Wishing you only good-


I just got to sit and watch this episode (How the Heck will we Repair these Newfangled Cars?). To me ADAS is a great expense without as great a benefit as touted. 

First off I think it is making people be poorer and less responsible drivers because they think the car should take care of them and they don’t have to pay as much attention.

Secondly I think it is driving the price of vehicles up as well as repair costs. Listening to the episode and hearing you may have to have a recalibration done just to change a wiper arm. That’s just ridiculous. 
Is it really all going to save the insurance industry enough that it doesn’t drive your rates up. I live in rural southern Missouri and the pay scale here isn’t great. I can see a lot of these systems not being repaired because many around here only carry only liability and lots of vehicles around here never get minor damage fixed.
Seems like it’s to benefit the insurance and parts manufacturers more than anything.

Maybe if we get totally autonomous vehicles the systems will be ok if we have zero wrecks but I think that’s a long ways off. That and the electronics on vehicles seem to be some of the least reliable parts.


Thanks for the feedback and the dose of reality!

John McElroy

HI John - As a 40 year Tooling person we could look at this well done and informative interview as depressing for our tooling industry, or we can understand as I do, that the goal to sustainability must be BEST PRACTICES, for our USA Tooling shops to be the lead for business from our own USA OEM's and Tier 1's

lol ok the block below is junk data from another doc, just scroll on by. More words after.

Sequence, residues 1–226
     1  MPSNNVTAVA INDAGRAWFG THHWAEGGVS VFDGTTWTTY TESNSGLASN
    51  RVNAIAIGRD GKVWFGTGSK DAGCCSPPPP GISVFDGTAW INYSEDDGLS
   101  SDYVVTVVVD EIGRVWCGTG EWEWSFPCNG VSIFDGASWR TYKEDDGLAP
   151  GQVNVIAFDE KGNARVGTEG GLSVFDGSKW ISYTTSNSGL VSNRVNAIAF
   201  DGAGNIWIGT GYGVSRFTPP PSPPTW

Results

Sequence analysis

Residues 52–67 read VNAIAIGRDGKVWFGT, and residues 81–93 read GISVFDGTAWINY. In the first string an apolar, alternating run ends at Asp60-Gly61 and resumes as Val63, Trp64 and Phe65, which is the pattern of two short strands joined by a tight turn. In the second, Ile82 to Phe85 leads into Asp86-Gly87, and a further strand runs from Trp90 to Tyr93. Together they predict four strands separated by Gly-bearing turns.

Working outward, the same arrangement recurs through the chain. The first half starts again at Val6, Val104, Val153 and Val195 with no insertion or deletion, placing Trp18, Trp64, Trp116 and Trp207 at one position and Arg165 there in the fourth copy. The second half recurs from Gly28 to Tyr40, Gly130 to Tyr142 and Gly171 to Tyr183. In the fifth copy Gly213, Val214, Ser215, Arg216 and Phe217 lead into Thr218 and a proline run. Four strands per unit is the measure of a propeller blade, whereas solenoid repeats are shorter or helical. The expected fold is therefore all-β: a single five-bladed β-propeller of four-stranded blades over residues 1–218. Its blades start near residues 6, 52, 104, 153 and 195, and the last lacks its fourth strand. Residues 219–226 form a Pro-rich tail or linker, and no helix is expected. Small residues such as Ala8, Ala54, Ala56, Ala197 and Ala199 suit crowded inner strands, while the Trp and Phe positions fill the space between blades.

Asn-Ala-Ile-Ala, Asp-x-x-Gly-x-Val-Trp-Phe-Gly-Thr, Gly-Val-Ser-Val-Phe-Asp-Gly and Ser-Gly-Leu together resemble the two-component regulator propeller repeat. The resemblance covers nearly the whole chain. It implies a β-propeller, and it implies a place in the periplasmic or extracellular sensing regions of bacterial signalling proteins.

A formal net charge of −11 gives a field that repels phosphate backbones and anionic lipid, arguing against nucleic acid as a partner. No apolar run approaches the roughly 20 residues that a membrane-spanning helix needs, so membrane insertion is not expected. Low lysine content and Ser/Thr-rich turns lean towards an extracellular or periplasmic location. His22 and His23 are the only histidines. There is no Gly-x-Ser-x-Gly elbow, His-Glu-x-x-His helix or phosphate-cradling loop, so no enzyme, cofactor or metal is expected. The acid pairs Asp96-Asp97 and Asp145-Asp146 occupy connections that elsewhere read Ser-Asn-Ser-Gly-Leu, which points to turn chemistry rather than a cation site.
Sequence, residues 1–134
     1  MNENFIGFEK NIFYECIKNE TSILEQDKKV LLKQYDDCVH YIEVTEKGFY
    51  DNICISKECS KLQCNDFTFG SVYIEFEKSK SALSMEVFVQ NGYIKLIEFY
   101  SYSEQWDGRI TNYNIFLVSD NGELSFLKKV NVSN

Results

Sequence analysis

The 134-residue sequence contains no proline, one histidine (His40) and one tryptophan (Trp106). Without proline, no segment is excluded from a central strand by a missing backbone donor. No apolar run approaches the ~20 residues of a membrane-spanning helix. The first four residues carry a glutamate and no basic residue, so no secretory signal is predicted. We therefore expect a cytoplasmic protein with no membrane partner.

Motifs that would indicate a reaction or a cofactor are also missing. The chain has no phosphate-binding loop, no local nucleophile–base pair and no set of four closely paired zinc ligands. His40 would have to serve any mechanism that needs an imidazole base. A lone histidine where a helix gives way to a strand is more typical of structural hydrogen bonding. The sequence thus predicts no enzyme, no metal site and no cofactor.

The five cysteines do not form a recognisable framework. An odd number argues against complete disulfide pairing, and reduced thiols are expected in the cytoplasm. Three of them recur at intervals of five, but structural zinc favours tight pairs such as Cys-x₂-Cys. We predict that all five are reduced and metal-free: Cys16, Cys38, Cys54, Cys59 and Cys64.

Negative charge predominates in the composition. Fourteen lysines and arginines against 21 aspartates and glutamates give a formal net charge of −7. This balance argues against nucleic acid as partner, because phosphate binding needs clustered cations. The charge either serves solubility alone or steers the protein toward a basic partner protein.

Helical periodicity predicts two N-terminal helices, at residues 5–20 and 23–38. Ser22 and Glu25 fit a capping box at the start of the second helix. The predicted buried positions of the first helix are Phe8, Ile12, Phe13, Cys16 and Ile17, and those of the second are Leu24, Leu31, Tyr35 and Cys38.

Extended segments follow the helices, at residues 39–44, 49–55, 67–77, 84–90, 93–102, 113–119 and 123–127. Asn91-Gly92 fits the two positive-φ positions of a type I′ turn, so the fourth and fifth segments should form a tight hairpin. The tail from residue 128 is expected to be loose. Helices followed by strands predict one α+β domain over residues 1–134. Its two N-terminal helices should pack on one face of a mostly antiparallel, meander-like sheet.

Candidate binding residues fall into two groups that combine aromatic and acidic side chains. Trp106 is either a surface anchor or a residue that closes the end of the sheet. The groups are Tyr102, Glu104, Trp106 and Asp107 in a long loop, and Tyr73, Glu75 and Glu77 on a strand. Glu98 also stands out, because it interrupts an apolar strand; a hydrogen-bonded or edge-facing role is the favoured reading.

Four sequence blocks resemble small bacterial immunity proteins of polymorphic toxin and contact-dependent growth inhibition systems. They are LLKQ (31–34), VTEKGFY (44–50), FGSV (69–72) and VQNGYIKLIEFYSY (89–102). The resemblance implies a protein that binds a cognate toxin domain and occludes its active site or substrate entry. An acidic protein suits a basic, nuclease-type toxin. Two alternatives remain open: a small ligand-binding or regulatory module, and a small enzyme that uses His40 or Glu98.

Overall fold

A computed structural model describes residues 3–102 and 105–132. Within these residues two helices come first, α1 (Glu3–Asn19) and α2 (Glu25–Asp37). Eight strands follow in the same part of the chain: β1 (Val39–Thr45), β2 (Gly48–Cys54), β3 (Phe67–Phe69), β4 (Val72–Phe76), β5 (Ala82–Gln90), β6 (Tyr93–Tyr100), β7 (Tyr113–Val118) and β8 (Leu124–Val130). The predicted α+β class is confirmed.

I have been fortunate to be part of a "first of it's kind" collaboration in Detroit, of Global independent companies, who agreed to co locate their equipment and technical people in the same facility, working together onsite for the advancement of new technologies that improve Efficiencies, Quality, & Profitability in our USA manufacturing world.  
Laurie's Points were actually motivating to me personally because we see the advancement in all manufacturing cells to improve profitability thru reducing costs in the production of the parts but we don't look close enough at labor intensive activities on the tool shop floor that could POSSIBLY improve our quality, costs and competitiveness. 
Our First facility was a dream 10 years ago with Ford leading the request -